You, whose gift of a book then, inspired now in me the creation of a photo book gleaming and glowing with life, colour and beauty.

You, who are delighted to observe how deeply received and well acknowledged my creation at its debut, among all those who gathered.

We climb the old magnificent staircase, bordered by frescoes.  Fifteen hundred years old you replied.  Past antique gilt and glass and wooden bar, where you’d go for a late afternoon aperitif or morning café.  On our way to our room to make love.

I felt I’d found home with him, this place, this time, my creativity.  I felt all was right and good, true and beautiful, despite our age difference and previous roles.  No shame.  No guilt.  No need to hide.  This was a good beginning in a relationship for twenty years.

Epilogue

The day following, and a year ago today – March 30, 2016 – I thought I saw an owl flying overhead as we walked our Annie dog through the golf course. Out of the corner of my vision, I saw a large light wing span and heard the raucous cries of crows.  It stuck because it struck me as odd. When we arrived home, there it was, a snowy owl, perched in the top of the tree next door.

In the thirty plus years we have lived in our suburban home, never before had I seen an owl fly in the neighborhood, in broad daylight, let alone land in the backyard tree next door, as if waiting for me to say, “Yes, I am here.” (I just realized I had intended to write, “as if waiting to for me, as if to say…” This slip is revealing in its truth…its portent.)

Together with my night dream, I took it as omen, having been given a statue of Athena with her talisman the owl perched on her outstretched arm.  And almost a year later, driving home very late at night from the airport, returning from the intimate writers’ retreat on Whidbey Island, there he was again and the only time since, that large mass of of light flying across my sight line as I turned off the highway.  Just as fleeting, though unmistakable in the black of night. “Yes, I am here.”

Forsythia

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For the first time, in a long time, forsythia in bloom.  Granted, nestled in a sunny sheltered south exposure, and still, can you recall the last time you saw those golden yellow flowers, made like a child might draw his first night-time star, in the middle of a prairie April?

I was driving to the boulangerie when those blossoms caught my eye.  Yes, we have one here in our prairie city.  The real deal owned by a real French baker.  The testament to his fine levain loaves, a line up of folks, big and little, out the door and onto a sidewalk bordered by bicycles, baby buggies and scooters.  I smile to myself coming upon the scene, imagining how much more Parisian than here in my own winter weary prairie city.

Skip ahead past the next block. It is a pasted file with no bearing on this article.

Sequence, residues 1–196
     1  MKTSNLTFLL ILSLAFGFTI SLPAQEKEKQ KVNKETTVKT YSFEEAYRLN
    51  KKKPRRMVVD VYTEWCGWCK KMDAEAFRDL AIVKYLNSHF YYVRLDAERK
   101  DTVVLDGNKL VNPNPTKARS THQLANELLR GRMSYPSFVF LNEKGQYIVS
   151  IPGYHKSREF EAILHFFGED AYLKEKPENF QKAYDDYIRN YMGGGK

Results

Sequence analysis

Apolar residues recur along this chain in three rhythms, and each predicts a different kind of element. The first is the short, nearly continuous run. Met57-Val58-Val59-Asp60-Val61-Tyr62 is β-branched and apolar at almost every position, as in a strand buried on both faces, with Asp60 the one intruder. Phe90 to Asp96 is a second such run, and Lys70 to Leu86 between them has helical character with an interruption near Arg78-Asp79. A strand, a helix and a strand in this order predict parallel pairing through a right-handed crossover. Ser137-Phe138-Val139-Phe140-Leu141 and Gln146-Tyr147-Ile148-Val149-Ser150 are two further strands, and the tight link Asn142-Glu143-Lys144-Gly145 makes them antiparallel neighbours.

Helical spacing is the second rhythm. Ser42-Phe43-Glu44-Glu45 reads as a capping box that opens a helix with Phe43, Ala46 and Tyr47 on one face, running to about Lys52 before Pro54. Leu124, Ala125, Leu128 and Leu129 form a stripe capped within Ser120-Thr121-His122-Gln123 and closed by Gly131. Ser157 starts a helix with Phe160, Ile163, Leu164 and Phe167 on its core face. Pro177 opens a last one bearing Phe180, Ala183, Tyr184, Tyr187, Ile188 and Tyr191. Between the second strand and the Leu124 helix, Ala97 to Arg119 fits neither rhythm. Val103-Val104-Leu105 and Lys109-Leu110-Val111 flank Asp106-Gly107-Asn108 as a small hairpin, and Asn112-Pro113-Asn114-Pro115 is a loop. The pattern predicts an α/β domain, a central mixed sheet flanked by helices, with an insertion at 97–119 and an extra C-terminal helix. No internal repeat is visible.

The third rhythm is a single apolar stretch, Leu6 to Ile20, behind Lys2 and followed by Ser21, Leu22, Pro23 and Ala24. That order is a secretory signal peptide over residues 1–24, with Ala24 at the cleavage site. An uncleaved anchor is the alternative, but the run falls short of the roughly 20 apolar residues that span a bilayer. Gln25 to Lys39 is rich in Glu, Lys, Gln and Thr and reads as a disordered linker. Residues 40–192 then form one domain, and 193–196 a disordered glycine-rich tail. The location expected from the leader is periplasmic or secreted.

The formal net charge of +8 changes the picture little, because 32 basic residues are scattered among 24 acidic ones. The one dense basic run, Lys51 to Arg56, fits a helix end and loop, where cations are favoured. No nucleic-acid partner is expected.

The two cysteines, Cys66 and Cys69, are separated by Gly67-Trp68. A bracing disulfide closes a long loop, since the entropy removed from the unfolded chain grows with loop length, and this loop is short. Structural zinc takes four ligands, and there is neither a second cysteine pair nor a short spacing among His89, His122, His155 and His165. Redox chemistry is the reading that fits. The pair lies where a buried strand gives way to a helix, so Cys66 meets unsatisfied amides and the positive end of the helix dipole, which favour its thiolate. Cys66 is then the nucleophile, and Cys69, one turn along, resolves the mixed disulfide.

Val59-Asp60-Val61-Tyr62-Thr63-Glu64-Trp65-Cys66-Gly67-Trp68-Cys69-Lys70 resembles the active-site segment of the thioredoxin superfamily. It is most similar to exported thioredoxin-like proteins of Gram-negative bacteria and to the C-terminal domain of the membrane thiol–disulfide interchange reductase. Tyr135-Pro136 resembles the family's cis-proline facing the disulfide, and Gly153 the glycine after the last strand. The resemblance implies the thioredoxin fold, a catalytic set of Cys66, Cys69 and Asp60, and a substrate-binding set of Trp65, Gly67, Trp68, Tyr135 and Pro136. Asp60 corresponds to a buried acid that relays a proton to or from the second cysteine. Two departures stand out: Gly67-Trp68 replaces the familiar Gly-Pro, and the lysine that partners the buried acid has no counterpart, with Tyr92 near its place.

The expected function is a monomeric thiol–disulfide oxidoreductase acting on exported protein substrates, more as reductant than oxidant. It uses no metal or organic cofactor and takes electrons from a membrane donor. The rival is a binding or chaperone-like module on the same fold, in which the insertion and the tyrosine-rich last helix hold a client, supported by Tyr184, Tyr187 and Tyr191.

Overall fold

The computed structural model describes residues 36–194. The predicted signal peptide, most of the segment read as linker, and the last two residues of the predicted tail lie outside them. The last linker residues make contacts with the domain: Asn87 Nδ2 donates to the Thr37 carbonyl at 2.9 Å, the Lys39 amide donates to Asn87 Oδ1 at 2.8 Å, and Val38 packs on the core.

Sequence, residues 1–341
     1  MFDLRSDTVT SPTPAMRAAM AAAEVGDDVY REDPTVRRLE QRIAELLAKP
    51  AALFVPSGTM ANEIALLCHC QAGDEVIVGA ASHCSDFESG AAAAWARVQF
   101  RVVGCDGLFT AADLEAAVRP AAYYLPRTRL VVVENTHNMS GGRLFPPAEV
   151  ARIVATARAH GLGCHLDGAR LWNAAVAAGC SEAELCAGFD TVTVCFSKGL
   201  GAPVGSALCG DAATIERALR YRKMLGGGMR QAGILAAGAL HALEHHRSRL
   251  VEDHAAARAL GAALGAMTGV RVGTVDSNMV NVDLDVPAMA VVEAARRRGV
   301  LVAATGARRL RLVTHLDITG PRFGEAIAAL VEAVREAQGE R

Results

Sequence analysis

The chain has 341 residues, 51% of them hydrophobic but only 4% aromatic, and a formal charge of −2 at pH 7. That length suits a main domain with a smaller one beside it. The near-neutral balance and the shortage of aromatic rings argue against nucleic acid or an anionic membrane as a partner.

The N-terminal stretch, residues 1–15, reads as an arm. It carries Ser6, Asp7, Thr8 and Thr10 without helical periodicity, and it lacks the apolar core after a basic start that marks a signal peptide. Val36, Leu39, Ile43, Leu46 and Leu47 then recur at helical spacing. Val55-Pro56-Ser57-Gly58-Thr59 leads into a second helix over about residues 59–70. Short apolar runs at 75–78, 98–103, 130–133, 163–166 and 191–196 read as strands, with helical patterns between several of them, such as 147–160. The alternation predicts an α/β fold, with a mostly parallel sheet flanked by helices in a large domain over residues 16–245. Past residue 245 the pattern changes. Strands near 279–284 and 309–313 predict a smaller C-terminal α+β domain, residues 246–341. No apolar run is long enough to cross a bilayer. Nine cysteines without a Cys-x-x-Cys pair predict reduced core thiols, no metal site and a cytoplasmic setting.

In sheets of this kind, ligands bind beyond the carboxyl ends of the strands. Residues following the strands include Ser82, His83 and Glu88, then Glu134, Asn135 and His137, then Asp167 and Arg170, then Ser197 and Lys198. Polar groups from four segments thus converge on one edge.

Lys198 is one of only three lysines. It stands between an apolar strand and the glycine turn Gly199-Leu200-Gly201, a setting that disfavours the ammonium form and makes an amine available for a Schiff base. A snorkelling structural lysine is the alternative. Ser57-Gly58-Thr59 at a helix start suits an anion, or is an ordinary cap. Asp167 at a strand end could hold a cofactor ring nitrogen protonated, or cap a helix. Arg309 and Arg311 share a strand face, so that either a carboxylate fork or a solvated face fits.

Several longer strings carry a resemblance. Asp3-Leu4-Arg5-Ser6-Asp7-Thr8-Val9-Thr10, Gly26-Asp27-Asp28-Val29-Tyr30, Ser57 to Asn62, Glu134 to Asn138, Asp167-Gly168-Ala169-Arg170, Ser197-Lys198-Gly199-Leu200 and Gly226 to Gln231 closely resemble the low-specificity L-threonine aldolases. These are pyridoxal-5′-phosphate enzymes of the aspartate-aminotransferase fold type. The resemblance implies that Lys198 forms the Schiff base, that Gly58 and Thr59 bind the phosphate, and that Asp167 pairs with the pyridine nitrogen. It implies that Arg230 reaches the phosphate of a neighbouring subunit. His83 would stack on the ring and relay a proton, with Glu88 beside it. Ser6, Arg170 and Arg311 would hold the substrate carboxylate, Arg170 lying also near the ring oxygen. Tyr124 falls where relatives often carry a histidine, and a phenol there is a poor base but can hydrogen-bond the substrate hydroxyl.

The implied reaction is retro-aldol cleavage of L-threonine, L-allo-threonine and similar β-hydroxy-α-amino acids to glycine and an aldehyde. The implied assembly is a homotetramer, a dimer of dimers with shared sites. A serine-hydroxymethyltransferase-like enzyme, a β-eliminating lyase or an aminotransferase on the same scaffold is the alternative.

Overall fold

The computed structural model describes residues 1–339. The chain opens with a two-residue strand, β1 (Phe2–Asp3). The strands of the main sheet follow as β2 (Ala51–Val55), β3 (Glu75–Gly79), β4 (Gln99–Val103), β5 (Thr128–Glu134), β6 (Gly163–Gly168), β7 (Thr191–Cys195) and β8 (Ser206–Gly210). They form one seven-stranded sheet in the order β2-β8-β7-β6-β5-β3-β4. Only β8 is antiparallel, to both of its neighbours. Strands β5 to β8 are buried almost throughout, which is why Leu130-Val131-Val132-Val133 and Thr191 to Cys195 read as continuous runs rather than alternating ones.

Taking my place, feeling a bit pressed for time, I acquiesce to the moment and notice in front of me the iridescent wisp of colour in a child’s hair.

“Tell me, how did you catch a rainbow in your hair?”

Her fit and handsome father shares the story of his sister, their aunt – gesturing to his two other daughters a bit further down the street, each with barely-there colour shot through their dark manes – treating them to this bit of feminine whimsy when they visited her in Nelson a month ago.

“Hard pressed to say ‘no’ when she does me the gift of babysitting,“ he shrugs.

“When in Nelson…” I smile in return.

By this time all three sisters huddle in together with us, now perched in the doorway, on the threshold of reaching our morning’s shared destination.

“Do you have children?” he asks.

A quiet “no” and gentle shake of my head.  Inside, I’m surprised he thinks me young enough.  Then again, it might simply be the way I engage with his.

Loaves chosen, bagged and tallied.  His for lunch with family, tomorrow’s brunch with friends.  Mine for tonight’s dinner I’m eager to prepare for my husband and me, to re-create the crostini sampled at last week’s cooking class.

Goodbyes exchanged, together with wishes for a good day.

Driving home, those forsythia again catch my eye as I wonder who else to invite, to share with me my sudden love of this splendid spring?  The fine French baguette and a bottle of good wine?  The heady perfume of purple hyacinth?  The golden glory of those first time in a long time forsythia?  The memory of three young sister-beauties with the colour of spring woven in their dark hair, wishing for a moment they were mine?